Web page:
I’m going to let you behind the curtain: I just got off a four-day weekend and, boy, did I need it. By the looks of my social media, many of my friends did the same and had fun with family and friends for some much-needed rest and relaxation. I cannot remember a year when I needed rest and relaxation more than I have after this first half of 2024 — it has been a struggle. I’m not the only one feeling this way, and I think it’s a responsibility of those of us who have a platform to every so often speak truth to our situation, and the truth is this: 2024 has been really hard.

Now, don’t take this a cry for help — that’s not it at all. From the outside, I can see how many people would think that running two chambers of commerce while being the dad of two boys under 4 has me coming and going in five different directions — all of that is true. But what really has me worn out is the political weight of 2024 and trying to continue working daily while not being paralyzed by thinking about what our world will look like six months from now. The rhetoric has gotten extreme, and that’s harmful for everyone’s mental health. I see that, and I feel that, too.

Many people have chosen their mental health when faced with this choice, and simply ignore politics. Good for them. I wouldn’t try to convince anyone to “do what I do” in terms of taking in hours of political content each day. Unplug. Disengage for a bit. Recharge your battery.

However, this will be the most important election of our lifetimes, and we can’t stay disengaged all year. On the local, state and federal levels, the consequences of this election season are too important for us to sit out. It’s also our obligation to get informed about the topics and choices we have prior to Election Day in November. We are about 120 days away, which gives us time to make a plan.

To that end, below is a checklist I’ve created for the second half of the year. It is a mix of fun activities for the rest of this year and some political advice as we head towards November.

Here’s a potential checklist for the rest of 2024:


• Buy a cake or bake one you have never made before, for no reason at all — everybody loves a cake, especially in moderation.

• Attend an outdoor concert (or an indoor one). As I stated last week, we’re now into six days a week of live music in our region, so find the concerts in Bath, Brunswick, Harpswell, Wiscasset or Bowdoinham, and grab a blanket to sit on the grass with or use as a dance floor. Or see music indoors at the Midcoast Symphony Orchestra or Bowdoin International Music Festival or the dozens of indoor stages at local pubs and breweries.

• Engage with local candidates when you see them at events or search them out to discuss the topics that are important to you. Most town offices can tell you who your candidates are, and a full list will be published soon on the State of Maine website.

• Start planning your Halloween costume early, as too many people wait until the last minute (this might just be a reminder for me, to be honest).

• Check out the MARC (Midcoast Athletic and Recreational Complex) in Brunswick. Even if you don’t like pickleball or skateboarding, still swing by to see what the first phase of this multi-phase project is, and be proud of a community working together to do great things. It’s located right beside the Brunswick Parks & Rec building on Brunswick Landing. Take a walk on the perimeter trail, at the very least.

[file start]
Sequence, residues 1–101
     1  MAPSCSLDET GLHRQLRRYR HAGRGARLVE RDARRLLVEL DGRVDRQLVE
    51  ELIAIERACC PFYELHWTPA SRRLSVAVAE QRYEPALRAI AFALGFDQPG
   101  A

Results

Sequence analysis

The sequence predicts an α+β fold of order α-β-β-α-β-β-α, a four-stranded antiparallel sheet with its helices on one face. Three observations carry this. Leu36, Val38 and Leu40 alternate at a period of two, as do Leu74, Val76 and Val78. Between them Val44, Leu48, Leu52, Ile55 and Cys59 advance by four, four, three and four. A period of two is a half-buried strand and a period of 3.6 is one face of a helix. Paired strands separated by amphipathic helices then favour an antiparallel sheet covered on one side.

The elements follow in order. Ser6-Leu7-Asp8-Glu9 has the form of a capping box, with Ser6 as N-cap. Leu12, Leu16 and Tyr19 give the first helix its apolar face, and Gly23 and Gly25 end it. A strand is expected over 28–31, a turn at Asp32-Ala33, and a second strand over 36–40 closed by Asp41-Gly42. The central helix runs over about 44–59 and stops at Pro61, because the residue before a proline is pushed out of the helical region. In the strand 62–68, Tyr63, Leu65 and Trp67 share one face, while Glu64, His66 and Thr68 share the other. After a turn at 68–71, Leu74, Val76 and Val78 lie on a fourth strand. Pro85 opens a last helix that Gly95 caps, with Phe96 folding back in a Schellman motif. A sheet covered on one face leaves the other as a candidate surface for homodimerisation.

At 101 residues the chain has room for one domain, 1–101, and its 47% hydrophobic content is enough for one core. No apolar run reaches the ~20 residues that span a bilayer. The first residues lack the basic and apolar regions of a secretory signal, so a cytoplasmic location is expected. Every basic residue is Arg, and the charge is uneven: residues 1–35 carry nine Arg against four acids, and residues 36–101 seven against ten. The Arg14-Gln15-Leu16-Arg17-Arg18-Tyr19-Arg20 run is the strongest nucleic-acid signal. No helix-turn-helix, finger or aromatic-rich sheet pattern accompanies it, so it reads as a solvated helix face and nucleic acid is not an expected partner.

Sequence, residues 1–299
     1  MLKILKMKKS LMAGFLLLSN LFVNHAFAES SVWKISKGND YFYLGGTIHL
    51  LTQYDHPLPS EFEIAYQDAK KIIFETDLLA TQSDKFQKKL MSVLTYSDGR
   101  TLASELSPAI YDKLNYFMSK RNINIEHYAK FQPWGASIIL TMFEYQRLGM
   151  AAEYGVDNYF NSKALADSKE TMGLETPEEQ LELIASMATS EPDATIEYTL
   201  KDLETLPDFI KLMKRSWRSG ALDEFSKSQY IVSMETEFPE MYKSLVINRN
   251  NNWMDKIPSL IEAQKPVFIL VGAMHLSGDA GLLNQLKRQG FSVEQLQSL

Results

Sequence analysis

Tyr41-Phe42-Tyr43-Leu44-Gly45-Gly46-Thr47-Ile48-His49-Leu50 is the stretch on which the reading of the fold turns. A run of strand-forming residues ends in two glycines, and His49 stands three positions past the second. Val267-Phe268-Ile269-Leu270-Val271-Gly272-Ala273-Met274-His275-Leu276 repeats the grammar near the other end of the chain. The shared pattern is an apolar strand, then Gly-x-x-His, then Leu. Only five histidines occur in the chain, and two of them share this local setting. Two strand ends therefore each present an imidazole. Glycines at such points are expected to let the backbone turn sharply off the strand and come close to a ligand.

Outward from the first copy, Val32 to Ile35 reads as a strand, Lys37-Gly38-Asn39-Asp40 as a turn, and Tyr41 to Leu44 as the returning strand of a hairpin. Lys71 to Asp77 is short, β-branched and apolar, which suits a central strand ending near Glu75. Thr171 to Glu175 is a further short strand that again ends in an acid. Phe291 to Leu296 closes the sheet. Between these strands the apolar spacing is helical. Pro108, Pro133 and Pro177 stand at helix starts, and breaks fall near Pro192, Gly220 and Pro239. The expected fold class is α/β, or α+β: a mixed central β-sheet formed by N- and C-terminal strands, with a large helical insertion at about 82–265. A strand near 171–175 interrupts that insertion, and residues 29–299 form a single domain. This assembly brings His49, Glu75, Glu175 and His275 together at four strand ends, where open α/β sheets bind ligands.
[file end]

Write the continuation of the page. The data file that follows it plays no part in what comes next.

• Listen to what the candidates say throughout this process and focus less on how they say it. The two major party candidates for president are 78 and 81 years old, and shockingly, they won’t always use the right words. They will stumble and gaffe, and you know what? I’m 45 years old, and I stumble and gaffe and forget words all the time. Pay less attention to how articulate their phrasing is and concentrate on the context of what they are saying.


• Volunteer! It’s a great way to be a part of something bigger than yourself and the feeling of accomplishment afterwards will make you feel great (just ask the Main Street Bath volunteers how they feel today after a hugely successful 50th Heritage Days celebration). If events aren’t your thing, volunteer at the library, the food bank or at the polls — or a clam festival.

• See theater before the year is out. Maine State Music Theatre is the obvious summer choice, but The Theater Project, the Chocolate Church Arts Center and Orion Performing Arts Center are great spots, too. Or make sure you see a high school or junior high production this fall; youth theater is an overwhelming community celebration that will fill you up.

• Shameless plug: the Midcoast Tree Festival is Nov. 22-24 and Nov. 29 through Dec. 1.

• Two more local issues for businesses to brush up on: Online privacy legislation narrowly got defeated last session and will be back in January; talk to your legislators about this. Secondly, Paid Family Medical Leave starts next year. We will have some workshops on it this fall, but also talk to your legislators about that program, too, so you are up to speed.

• Sit around a campfire with neighbors, preferably in someone’s back yard.

• Put your feet in salty water.


• Hang too many lights in December.

• Call a relative or old friend on a whim.

• Make a crock pot chili during the first snowstorm.

• Don’t despair. Reboot, recharge and come September, reengage.

Cory King is executive director of the Bath-Brunswick Regional Chamber of Commerce.

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